Turkey

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Abaza
[abq] Central; Eskisehir, Samsun, Yozgat, Adana, and Kayseri provinces. 12,000 in Turkey (2014 J. Leclerc). Status: 5 (Developing). Alternate Names: Abazin, Abazintsy, Ahuwa, Tapanta. Dialects: Tapanta, Ashkaraua (Ashkar), Bezshagh. Classification: North Caucasian, West Caucasian, Abkhaz-Abazin. Comments: Non-indigenous. Muslim.

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Abkhaz
[abk] Northeast, Artvin Province; also Coruh, Bolu, and Sakarya subprovinces. 44,000 in Turkey (2014 J. Leclerc). Ethnic population: 39,000 (Johnstone and Mandryk 2001). Status: 6b (Threatened). Alternate Names: Abxazo. Dialects: Bzyb, Abzhui, Samurzakan. Classification: North Caucasian, West Caucasian, Abkhaz-Abazin. Comments: Non-indigenous. Muslim.

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Adyghe
[ady] Central and western Anatolia, Kayseri, Tokat, Karaman Maras, and many other provinces. 316,000 in Turkey (2014 J. Leclerc). No monolinguals (1965 census). Status: 5 (Dispersed). Alternate Names: Adygey, Cherkes, Circassian. Classification: North Caucasian, West Caucasian, Circassian. Comments: Non-indigenous. Muslim.

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Albanian, Gheg
[aln] Status: 5 (Dispersed). Alternate Names: Shqyp. Dialects: Samsun Albanian. Classification: Indo-European, Albanian, Gheg. Comments: Non-indigenous.

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Albanian, Tosk
[als] Edirne, Istanbul, Kirklareli, and Tekirdag provinces; center is Arnavut; otherwise scattered throughout western Turkey. 66,000 in Turkey (2014 J. Leclerc). No monolinguals (1965 census). Ethnic population: 65,000. Status: 6b (Threatened). Alternate Names: Shqip. Classification: Indo-European, Albanian, Tosk. Comments: Non-indigenous. Muslim.

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Arabic, Mesopotamian Spoken
[acm] Sanliurfa, Diyarbakir, Mardin, and Siirt provinces; very small area in Gaziantep Province. 101,000 in Turkey (2014 J. Leclerc). Status: 6a (Vigorous). Alternate Names: ’Arabi. Dialects: Anatolian Cluster. Classification: Afro-Asiatic, Semitic, Central, South, Arabic. Comments: Non-indigenous. Christian, Jewish.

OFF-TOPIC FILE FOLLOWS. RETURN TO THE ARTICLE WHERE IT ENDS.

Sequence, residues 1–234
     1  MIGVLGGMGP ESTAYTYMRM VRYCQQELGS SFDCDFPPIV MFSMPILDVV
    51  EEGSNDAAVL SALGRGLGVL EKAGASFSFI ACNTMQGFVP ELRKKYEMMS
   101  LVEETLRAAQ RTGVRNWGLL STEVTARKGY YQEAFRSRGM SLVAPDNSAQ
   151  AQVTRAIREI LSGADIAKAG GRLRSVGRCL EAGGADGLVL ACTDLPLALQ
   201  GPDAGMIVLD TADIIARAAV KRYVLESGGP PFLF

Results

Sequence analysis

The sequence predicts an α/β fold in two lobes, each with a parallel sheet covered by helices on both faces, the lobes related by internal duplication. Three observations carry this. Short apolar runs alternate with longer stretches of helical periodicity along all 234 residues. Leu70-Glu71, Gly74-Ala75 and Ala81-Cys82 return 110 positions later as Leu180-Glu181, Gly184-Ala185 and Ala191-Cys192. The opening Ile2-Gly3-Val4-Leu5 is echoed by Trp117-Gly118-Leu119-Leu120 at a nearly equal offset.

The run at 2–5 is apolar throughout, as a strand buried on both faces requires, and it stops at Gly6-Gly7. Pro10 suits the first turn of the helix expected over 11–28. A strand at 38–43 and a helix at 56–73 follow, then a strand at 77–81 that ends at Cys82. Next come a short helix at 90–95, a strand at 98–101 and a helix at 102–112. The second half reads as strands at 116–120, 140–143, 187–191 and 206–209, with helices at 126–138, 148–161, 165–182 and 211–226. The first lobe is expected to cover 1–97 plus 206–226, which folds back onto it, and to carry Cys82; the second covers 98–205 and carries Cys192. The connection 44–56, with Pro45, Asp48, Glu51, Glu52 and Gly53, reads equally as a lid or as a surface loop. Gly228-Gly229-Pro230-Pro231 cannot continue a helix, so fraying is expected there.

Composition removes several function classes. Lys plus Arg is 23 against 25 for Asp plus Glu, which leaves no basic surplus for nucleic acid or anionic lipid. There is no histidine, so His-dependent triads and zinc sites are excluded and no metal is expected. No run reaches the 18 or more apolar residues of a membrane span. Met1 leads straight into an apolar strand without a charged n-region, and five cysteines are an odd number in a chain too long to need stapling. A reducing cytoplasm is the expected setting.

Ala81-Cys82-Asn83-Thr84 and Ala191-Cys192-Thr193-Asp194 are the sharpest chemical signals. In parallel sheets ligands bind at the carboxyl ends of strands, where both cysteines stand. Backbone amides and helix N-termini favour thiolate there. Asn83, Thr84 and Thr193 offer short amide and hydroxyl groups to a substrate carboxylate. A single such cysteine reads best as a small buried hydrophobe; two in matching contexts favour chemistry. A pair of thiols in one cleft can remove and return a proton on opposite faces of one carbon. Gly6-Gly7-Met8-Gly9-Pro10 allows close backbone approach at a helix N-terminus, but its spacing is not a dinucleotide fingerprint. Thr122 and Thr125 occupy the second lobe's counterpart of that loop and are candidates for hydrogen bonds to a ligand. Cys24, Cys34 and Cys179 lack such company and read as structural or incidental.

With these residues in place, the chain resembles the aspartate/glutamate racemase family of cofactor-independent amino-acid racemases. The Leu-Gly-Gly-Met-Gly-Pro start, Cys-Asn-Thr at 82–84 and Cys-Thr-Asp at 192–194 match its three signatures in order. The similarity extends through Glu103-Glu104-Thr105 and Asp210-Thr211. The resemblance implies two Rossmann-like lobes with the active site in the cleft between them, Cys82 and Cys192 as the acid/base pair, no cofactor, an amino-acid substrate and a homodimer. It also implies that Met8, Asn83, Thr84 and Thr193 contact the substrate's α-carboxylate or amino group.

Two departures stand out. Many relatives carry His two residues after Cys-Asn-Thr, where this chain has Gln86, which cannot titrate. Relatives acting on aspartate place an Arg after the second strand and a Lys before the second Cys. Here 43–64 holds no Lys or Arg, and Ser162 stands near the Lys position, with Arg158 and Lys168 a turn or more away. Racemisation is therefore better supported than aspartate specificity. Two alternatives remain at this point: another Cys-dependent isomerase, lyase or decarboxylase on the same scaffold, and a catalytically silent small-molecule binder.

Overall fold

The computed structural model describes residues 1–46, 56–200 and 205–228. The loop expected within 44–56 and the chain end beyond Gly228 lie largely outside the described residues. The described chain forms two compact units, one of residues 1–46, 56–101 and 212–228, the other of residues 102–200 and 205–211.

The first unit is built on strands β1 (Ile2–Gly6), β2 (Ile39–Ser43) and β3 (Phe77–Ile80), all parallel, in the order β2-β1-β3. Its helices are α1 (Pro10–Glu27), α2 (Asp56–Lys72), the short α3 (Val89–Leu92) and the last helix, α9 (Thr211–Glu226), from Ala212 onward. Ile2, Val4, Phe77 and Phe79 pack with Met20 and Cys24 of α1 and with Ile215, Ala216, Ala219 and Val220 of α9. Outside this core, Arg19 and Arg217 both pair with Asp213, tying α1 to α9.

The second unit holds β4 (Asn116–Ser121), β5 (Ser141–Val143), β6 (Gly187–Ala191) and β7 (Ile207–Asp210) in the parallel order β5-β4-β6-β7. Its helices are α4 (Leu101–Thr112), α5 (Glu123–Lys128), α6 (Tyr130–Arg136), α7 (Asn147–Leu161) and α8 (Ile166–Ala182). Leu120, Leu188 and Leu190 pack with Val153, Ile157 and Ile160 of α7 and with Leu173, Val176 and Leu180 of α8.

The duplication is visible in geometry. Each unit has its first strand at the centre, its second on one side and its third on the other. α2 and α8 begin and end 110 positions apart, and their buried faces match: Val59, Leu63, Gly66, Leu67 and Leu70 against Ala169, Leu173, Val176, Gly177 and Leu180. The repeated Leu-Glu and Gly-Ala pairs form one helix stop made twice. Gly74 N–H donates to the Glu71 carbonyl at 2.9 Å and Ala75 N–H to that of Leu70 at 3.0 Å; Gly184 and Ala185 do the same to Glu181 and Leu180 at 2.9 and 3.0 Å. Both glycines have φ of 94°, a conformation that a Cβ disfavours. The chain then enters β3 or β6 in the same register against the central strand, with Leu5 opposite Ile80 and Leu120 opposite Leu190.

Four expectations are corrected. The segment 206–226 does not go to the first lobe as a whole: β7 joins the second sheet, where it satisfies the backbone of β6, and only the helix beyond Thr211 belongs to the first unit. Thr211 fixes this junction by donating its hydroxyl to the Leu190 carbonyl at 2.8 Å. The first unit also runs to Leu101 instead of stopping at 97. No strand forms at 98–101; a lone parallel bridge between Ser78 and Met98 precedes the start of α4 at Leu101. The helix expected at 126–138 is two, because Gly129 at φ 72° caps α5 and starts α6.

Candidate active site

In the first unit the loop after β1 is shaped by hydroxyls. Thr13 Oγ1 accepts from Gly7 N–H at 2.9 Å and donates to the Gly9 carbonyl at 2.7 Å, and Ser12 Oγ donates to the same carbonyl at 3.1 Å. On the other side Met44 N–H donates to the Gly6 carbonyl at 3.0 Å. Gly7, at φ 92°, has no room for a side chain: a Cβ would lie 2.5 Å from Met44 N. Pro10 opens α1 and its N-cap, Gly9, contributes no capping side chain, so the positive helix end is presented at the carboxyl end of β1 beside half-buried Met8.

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Arabic, North Mesopotamian Spoken
[ayp] Mardin, Sirnak, Batman, Siirt, and Sanliurfa provinces. 621,000 in Turkey (2014 J. Leclerc). Status: 6a (Vigorous). Alternate Names: Syro-Mesopotamian Vernacular Arabic. Dialects: Mardini Aramaic (Abdul-Massih, Jesrawi, Mardilli, Mardini). Classification: Afro-Asiatic, Semitic, Central, South, Arabic. Comments: Do not read Arabic. Muslim, Christian.

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Armenian
[hye] Many in Istanbul; and in east Turkey, Kars Province, scattered elsewhere. 61,000 in Turkey (2014 J. Leclerc). No monolinguals (1965 census). Ethnic population: 70,000 (1980). Status: 6b (Threatened). Alternate Names: Armjanski, Ermenice, Haieren, Somkhuri. Dialects: Western Armenian. Classification: Indo-European, Armenian. Comments: Non-indigenous. Hemshin are Armenian Muslims, living near the Laz [lzz] language area. Christian, Muslim.

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Azerbaijani, South
[azb] Kars and Igdir provinces. 540,000 in Turkey (2014 J. Leclerc). Status: 5 (Dispersed). Alternate Names: Azeri. Dialects: Kars. Classification: Turkic, Southern, Azerbaijani. Comments: Muslim.

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Balkan Gagauz Turkish
[bgx] Surguch dialect in Edirne Province. 327,000 in Turkey (Johnstone 1993). 7,000 Surguch (1965) and 320,000 Yuruk. Total users in all countries: 331,000. Status: 7 (Shifting). Alternate Names: Balkan Turkic. Dialects: Gajol, Gerlovo Turks, Karamanli, Kyzylbash, Surguch, Tozluk Turks, Yuruk (Konyar, Yoruk). Classification: Turkic, Southern, Turkish. Comments: Distinct from Gagauz [gag] of Moldova, Bulgaria, and Romania. Muslim.

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Bulgarian
[bul] Scattered in Edirne and other western provinces. 351,000 in Turkey (2014 J. Leclerc). Status: 5 (Dispersed). Alternate Names: Pomak. Dialects: Pomak. Classification: Indo-European, Balto-Slavic, Slavic, South, Eastern. Comments: Muslim.